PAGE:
By March 1975 the NVA had increased pressure on the Central Highlands, prompting Saigon to begin a strategic redeployment from the western half of II Corps. Although the Liaison Service's Groups 2 and 3 provided security for the withdrawing masses the redeployment soon turned into a rout. In the hasty withdrawal Group 2 had forgotten two recon teams in Cambodia; these later walked the entire distance back to the Vietnamese coast. After the fall of the Central Highlands government forces in I Corps began to panic, sparking an exodus to the south. In the confusion Group I of the Liaison Service attempted to provide security for the sealift to Saigon. Meanwhile, the SMS boarded boats on 30 March for Vung Tau.
With the entire northern half of the country lost, Saigon attempted to regroup its forces. 81 Airborne Ranger Group, which had arrived from II Corps in a state of disarray, was refitted at Vung Tau. The Liaison Service was posted in Saigon, with Groups I and 3 reinforcing Bien Hoa and Group 2 protecting the fuel depots. The SMS also reformed in Saigon.
On 6 April 1975 SMS recon teams sent northeast and northwest of Phan Rang discovered elements of two North Vietnamese divisions massing on the city. An additional 100 SMS commandos were flown in as reinforcements, but were captured at the airport as the North Vietnamese overran Phan Rang. A second tak force of 40 Loi Ho commandos was infiltrated into Tay Ninh to attack an NVA command post; the force was intercepted and only two men escaped. By mid April 81 Airborne Ranger Group was put under the operational control of 18th Division and sent to Xuan Loc, where the unit was smashed. The remnants were pulled back to defend Saigon. By the final days of April the NVA had surrounded the capital. Along with other high officials, the STD commander escaped by plane on 27 April. On the next day 500 SMS commandos and STD HQ personnel commandeered a barge and escaped into international waters. The remainder of the Liaison Service fought until capitulation on 30 April.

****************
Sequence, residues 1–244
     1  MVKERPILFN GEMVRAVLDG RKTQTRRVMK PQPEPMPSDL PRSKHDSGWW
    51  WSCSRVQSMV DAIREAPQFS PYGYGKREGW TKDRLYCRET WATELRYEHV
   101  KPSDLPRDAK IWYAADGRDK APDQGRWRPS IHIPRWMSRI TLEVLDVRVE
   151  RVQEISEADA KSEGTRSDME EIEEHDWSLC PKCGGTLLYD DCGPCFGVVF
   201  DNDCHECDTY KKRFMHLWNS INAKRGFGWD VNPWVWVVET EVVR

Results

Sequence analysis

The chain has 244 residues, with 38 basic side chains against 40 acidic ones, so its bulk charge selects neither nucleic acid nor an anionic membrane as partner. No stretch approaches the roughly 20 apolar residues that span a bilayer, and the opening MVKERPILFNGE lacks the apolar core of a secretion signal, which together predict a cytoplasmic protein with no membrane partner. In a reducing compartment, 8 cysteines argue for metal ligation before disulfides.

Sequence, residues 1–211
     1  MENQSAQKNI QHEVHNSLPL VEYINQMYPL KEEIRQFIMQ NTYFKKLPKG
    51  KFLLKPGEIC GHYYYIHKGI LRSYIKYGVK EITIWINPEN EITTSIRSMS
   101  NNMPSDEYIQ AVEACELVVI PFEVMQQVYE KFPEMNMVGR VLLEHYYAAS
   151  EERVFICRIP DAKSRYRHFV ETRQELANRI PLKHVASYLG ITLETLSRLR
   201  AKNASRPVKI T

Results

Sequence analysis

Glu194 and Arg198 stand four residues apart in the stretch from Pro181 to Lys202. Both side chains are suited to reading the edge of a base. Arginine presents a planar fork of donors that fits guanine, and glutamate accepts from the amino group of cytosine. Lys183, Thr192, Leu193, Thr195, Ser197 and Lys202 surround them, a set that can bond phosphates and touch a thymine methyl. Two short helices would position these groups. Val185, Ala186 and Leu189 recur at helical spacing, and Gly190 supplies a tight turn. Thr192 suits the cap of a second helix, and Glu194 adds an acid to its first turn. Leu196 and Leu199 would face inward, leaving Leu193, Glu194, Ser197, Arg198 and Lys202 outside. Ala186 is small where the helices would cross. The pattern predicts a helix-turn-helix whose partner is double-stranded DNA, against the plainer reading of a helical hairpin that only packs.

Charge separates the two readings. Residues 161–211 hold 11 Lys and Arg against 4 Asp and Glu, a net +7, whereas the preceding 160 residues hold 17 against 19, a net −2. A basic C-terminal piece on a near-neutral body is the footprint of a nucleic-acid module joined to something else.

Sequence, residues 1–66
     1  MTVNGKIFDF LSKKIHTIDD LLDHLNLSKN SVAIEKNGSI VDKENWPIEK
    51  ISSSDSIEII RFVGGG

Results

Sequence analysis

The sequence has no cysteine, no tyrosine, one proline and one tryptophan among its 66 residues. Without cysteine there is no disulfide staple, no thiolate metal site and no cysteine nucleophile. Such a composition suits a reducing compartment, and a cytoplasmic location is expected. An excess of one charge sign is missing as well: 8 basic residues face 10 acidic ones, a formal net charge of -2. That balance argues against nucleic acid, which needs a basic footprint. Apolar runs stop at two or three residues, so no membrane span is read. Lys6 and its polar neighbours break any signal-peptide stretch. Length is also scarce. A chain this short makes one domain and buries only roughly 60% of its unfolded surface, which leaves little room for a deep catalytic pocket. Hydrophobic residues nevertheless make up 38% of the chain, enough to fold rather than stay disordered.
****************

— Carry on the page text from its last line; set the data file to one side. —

In 1960 the South Vietnamese Navy proposed the creation of an Underwater Demolitions Team to improve protection of ships, piers and bridges. Later in the year a navy contingent was sent to Taiwan for UDT training; the one officer and seven men who completed the course became the cadre for a Lien Doi Nguoi Nhai (LDNN), or Frogman Unit, formally established in July 1961. The LDNN, with a proposed strength of 48 officers and men, was given the mission of salvage, obstacle removal, pier protection and special amphibious operations.